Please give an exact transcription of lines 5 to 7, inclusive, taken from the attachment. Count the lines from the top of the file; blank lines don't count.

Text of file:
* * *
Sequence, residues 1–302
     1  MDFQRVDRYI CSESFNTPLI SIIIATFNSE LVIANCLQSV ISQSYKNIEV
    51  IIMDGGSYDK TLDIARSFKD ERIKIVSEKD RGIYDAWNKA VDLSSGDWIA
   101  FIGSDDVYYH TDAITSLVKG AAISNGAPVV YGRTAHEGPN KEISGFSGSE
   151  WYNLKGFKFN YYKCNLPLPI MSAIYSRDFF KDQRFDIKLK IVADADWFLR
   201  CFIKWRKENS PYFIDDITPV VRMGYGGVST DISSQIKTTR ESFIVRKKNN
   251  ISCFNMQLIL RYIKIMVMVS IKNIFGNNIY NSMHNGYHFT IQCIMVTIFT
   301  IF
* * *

   151  WYNLKGFKFN YYKCNLPLPI MSAIYSRDFF KDQRFDIKLK IVADADWFLR
   201  CFIKWRKENS PYFIDDITPV VRMGYGGVST DISSQIKTTR ESFIVRKKNN
   251  ISCFNMQLIL RYIKIMVMVS IKNIFGNNIY NSMHNGYHFT IQCIMVTIFT